Lesson Plan - Get It!
Throughout WWI, African American men were encouraged to fight in the war. The image below shows some of the soldiers in the 369th Regiment who won the Croix de Guerre for gallantry in action. Take a look at this movie poster for "Our Colored Fighters" (NY Daily News), a 1915 documentary used as a rallying call for African Americans to join the military.
Image by an unknown photographer, via Wikimedia Commons, is in the public domain in the United States because it is a work prepared by an officer or employee of the United States Government as part of that person's official duties under the terms of Title 17, Chapter 1, Section 105 of the US Code.
Imagine for a moment you are fighting a war for the country you love, putting your life and health on the line. When you come home victorious, you hope you have returned to a more democratic country, one that is more equal for all citizens. What do you think — did African Americans return home to a more welcoming America?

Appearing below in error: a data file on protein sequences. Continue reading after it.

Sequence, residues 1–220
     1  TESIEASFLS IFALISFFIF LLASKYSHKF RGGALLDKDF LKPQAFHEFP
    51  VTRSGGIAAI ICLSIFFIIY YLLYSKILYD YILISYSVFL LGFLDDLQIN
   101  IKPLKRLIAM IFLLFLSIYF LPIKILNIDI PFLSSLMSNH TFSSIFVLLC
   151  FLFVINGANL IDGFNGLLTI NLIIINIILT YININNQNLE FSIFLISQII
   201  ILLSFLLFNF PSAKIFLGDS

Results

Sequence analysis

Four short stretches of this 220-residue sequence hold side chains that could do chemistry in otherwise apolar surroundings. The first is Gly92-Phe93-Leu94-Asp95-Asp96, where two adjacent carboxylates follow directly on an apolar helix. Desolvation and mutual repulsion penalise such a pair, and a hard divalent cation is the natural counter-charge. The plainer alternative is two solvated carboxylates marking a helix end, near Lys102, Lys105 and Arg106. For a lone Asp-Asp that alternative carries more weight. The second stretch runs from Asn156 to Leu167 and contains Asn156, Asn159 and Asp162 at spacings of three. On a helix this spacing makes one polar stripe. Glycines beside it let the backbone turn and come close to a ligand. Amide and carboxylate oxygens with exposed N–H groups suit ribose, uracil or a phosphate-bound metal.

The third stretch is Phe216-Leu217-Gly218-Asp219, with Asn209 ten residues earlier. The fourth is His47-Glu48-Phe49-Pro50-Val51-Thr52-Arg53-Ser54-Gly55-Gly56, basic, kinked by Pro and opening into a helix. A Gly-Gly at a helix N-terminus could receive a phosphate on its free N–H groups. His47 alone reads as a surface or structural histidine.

Take a moment to think about the question from the beginning of the lesson with your teacher.
More than 350,000 African American males fought in segregated units during WWI. Although they returned home hopeful, you will learn that they continued to face prejudice and discrimination.
It's time to create a large web to organize the new information you will find in the sources that follow.
- Start by drawing a circle in the center of your paper and writing in the center "Effects of WWI."
- Next, read and view several resources.
Each time a new effect is mentioned, write it in a smaller circle and draw a line from the center of your web to connect the larger and smaller circles.
Add any important or interesting details in a smaller circle that connects to the effect.
- Read and watch the following resources:
- Within your research findings, what information did you find to be the most surprising?
- What effect do you think created the greatest overall change in the United States?
Continue on to the Got It? section to examine some major changes in society.